Last year there was some talk of Onewa Road’s T3 lane being downgraded to becoming a T2 lane – an utterly mad proposal considering the enormous number of people that use the T3 lane at the moment (around 75% of people during the 7.30-8.30am peak hour). In fact, council modelling predicted that if the lane was converted to T2, more vehicles would be using it than the general lane: a crazy outcome as technically it would become more congested than the normal lane and therefore offer no advantage.

Thankfully, that proposal died a fairly silent death, and in late December we saw an extension to the Onewa Road T3 lane, and a new T3 lane on parts of Lake Road, leading up to the intersection with Onewa Road. The new section of T3 lane is shown in the map below:
This is a very handy addition, as it means that buses and T3 vehicles now have a clear run all the way down Onewa Road from the Highbury shops. Buses used to have to merge back into general traffic around the messy Lake Road/Queen Street intersection, and on the lower portion of Onewa Road (which in theory was single lane, though the traffic tended to form two lanes).

Interestingly, as someone who occasionally uses Onewa Road during the morning peaks (when I drop my daughter at school) an interesting side-effect of the change has been a general reduction in congestion along Onewa Road: even for traffic in the general lane. It’s somewhat counter-intuitive that removing roadspace for general traffic might improve the flow of cars – but I think there’s some logic as previously cars would go from one lane into two, and then back into one before getting on the motorway. Now most cars stay in the same right-hand lane, the buses have a lane for themselves and don’t block cars, there’s far less merging and the road’s throughput has been increased. Perhaps the best comparison to make would be the way in which closing passing lanes during holiday periods helps reduce congestion.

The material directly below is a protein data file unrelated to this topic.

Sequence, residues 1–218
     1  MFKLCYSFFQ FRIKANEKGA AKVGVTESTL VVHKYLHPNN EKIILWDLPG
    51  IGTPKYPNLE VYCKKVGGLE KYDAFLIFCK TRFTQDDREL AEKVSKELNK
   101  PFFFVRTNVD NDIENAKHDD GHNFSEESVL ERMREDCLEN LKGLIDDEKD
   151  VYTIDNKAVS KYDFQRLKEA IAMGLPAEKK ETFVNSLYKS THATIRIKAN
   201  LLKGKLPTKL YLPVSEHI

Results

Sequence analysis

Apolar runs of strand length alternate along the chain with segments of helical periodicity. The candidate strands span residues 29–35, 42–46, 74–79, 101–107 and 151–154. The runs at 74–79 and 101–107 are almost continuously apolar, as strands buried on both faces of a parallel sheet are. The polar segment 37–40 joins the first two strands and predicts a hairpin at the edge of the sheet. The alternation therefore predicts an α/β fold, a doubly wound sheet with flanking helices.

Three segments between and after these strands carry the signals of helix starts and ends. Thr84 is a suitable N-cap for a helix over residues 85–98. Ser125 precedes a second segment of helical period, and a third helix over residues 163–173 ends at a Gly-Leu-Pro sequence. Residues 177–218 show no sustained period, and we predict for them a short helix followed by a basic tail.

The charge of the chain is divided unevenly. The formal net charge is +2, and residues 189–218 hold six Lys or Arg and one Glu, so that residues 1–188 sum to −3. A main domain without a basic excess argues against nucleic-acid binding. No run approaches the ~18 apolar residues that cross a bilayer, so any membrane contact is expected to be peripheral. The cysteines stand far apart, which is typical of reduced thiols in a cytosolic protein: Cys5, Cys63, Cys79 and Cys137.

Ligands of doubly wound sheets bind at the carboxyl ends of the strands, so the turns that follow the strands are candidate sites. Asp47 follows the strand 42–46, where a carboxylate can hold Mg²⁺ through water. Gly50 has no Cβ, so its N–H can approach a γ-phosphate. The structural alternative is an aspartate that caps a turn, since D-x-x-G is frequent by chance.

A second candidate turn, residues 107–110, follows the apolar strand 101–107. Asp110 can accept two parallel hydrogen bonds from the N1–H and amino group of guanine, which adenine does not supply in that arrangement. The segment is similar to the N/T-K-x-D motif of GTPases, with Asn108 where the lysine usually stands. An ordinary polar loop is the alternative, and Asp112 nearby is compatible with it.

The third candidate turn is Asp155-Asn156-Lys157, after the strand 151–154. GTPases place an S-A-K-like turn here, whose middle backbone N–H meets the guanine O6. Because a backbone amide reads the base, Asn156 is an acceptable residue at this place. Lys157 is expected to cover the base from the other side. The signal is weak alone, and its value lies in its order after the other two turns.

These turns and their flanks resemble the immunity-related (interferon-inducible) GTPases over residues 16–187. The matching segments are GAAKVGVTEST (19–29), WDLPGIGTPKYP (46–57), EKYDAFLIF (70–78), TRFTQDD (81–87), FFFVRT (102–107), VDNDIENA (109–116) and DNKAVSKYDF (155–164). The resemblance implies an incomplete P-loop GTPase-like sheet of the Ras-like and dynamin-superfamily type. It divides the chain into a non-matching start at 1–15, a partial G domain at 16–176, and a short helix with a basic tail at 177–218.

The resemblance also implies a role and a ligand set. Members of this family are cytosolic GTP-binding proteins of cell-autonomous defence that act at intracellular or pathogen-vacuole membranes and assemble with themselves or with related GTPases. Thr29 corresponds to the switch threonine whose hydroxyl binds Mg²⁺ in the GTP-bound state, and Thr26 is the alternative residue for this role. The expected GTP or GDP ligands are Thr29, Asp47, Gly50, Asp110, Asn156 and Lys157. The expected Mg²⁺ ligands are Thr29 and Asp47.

Now that the ‘downhill’ lanes are working so well, there seems to be little reason not to undertake the same thing on the other side of Onewa Road. Buses simply crawl up there now in the evening peak: getting stuck in general congestion and exacerbating it as they pull out in front of cars. If people on the northern side of Onewa Road can live without on-street parking for a couple of hours in the morning, I’m pretty sure people on the southern side could do the same for a couple of hours in the evening.

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  1. It’s interesting that the T3 lane is so well used. A number of freeways in Los Angeles have a T2 lane, and despite there being 5-6 packed general lanes the T2 lane is still rather empty. In fact, the T2 lanes require their own flyovers, because they are located by the median, and geting across 5 lanes of traffic to an exit is not so easy.

  2. Duplication has to be such an easy job too – little more than paint and signs. I drove up Onewa Rd today at 6PM and counted only 3 cars parked on the westbound side – so its not like theres a huge amount of demand for the parking in any case.

  3. 75 percent of traffic on Onewa Rd between 7.30 and 8.30 travels down the T3 lane?! that sounds like an ” utterly mad” statistic, surely

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